You remember the first time you played Tecmo Bowl for the NES? Man, what a good time! It wasn't exactly a simulation, but it had the same feel for football as NES Ice Hockey had, well, for hockey. This is to say that it was a very simple, but rewarding experience. Both games were cartoon-y as hell, featured great music, and were thoroughly Japanese. It should be pointed out, that neither ice hockey nor football are particularly popular in Japan, ie: the developers had no real grasp of either game. ABC MNF is cut of the very same cloth. Data East, best known for it's NES Double Dragon port and it's obese Russian fireball spouting here, Karnov, developed ABC MNF.
Let's talk about Data East's dramatic opening cinema sequences. This again reminds of Tecmo's classic, Tecmo Bowl, which uncommon to a sports game, featured cinematic sequences kind of like another famous Tecmo game...NINJA GAIDEN! I applaud Tecmo for bringing something fun and new to the table with football cinematic sequences. Heck, they were well done, funny, and entertaining. ABC MNF's opening sequence more or less directly rips off Tecmo Bowl's famous sequences, and manages to do a worse job, despite having been developed with far better technology.
This title follows in the time honored video game tradition of acquiring a license, slapping it onto a sub-par product, and taking a fierce dump on the consumer. In this, ABC MNF excels admirably. The game makes use of the music, logos, and likeness of the famed football broadcast package, painting a thin, shiny veneer over a pile of steaming dung. Once you get past the opening trademark MNF "Dun dun dun dun!" music, you are in for a world of pain.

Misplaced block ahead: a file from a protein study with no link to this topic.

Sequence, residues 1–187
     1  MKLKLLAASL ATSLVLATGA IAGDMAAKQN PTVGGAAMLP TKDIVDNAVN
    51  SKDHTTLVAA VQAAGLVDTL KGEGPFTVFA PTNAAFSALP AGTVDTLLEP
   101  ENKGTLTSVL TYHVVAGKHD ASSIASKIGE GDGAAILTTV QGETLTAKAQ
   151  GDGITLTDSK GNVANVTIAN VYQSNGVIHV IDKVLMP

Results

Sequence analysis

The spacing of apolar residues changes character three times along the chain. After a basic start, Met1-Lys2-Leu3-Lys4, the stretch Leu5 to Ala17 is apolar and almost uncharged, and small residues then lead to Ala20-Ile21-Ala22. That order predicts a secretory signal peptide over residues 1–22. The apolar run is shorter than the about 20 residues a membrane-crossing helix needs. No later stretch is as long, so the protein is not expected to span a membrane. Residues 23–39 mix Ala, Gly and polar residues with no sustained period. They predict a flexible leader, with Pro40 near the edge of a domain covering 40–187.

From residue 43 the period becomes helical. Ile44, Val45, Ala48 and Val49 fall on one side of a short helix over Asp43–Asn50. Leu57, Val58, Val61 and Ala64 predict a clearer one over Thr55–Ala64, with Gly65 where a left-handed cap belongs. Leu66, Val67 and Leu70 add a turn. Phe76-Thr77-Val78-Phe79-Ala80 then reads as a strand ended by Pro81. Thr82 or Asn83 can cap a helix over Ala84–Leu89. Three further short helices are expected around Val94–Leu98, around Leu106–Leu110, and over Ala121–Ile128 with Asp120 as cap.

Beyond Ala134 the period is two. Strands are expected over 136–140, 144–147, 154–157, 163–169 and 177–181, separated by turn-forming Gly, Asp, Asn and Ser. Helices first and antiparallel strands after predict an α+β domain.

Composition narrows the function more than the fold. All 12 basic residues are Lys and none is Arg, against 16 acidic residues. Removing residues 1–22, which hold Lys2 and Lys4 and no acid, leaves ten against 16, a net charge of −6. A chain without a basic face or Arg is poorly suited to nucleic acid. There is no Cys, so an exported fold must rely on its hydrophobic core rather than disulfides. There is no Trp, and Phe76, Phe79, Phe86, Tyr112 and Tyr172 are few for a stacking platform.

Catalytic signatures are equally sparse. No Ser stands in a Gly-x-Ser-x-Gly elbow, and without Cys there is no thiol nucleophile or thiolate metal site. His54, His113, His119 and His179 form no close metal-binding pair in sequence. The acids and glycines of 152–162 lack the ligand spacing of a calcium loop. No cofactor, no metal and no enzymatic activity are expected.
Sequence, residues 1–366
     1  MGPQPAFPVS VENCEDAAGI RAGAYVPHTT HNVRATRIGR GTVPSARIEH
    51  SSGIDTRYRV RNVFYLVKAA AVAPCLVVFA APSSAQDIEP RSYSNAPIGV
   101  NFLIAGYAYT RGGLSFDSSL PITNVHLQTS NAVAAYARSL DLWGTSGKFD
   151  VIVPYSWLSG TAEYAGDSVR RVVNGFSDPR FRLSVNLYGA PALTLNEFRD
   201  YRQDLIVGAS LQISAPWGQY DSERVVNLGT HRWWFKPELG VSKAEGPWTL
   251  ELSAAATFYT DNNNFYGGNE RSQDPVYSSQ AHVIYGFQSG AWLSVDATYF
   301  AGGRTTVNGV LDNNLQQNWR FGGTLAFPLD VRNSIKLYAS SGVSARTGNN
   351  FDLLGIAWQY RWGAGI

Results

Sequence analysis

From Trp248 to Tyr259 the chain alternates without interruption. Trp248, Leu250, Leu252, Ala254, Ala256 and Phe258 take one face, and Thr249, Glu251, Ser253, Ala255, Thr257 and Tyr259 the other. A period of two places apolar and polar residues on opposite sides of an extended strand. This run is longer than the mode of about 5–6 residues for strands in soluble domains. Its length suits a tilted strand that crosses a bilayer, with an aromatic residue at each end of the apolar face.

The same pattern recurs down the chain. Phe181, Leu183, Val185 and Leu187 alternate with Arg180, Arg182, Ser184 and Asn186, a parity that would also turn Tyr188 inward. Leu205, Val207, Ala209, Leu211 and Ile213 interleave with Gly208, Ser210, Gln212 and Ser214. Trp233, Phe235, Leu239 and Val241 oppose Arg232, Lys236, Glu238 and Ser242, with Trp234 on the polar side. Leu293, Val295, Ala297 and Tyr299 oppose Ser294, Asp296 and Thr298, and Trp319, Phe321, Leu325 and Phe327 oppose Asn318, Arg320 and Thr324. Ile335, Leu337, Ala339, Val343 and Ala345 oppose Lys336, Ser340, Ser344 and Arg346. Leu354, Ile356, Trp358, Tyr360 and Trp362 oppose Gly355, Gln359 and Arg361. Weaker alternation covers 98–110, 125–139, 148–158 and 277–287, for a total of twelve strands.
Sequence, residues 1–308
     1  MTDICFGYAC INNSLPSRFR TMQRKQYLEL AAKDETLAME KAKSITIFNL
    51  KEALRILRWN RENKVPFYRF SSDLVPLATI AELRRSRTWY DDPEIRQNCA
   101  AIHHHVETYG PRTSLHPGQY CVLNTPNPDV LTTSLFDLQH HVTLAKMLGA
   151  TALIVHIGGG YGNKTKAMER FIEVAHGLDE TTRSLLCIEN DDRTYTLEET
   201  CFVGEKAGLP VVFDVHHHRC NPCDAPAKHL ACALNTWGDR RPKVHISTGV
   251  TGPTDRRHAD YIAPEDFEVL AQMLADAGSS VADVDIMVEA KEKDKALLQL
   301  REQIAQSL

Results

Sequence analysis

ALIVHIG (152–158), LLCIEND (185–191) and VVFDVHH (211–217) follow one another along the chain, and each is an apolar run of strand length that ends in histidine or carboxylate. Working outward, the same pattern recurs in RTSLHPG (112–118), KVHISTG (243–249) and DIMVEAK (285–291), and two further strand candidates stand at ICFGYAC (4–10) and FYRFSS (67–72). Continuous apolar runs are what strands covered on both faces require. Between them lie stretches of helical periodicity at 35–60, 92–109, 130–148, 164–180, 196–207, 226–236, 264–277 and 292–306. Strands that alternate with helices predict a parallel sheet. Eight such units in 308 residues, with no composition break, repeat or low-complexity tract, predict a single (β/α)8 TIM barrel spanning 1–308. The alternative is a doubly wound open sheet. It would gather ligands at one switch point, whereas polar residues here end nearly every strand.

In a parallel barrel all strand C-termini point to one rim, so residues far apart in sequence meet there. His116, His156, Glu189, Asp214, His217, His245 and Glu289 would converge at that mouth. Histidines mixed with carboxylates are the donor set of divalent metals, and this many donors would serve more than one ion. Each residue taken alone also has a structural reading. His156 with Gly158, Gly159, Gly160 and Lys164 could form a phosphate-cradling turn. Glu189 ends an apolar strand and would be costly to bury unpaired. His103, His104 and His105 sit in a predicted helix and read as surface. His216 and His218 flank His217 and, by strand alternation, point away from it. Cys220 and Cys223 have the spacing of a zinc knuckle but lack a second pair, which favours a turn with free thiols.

This game is more 10-yard Fight than Madden: the playbook is minuscule; there are no penalties; there are no rosters; there are no trick plays that I could find... it's just sort of an arcade game that is vaguely football flavored. Which, would be fine if this game had been released in the NES heyday of it's spiritual ancestors, 10 Yard Fight and Tecmo Bowl. The problem with that: Madden had already been released by 1993, was by then in its second iteration, and was already the gold standard of video game football that it is today.
The most memorable part of the game, even more memorable than the "awesome" opening cinematics, is the presentation. I'm not even going to attempt to describe this trainwreck; just watch the video.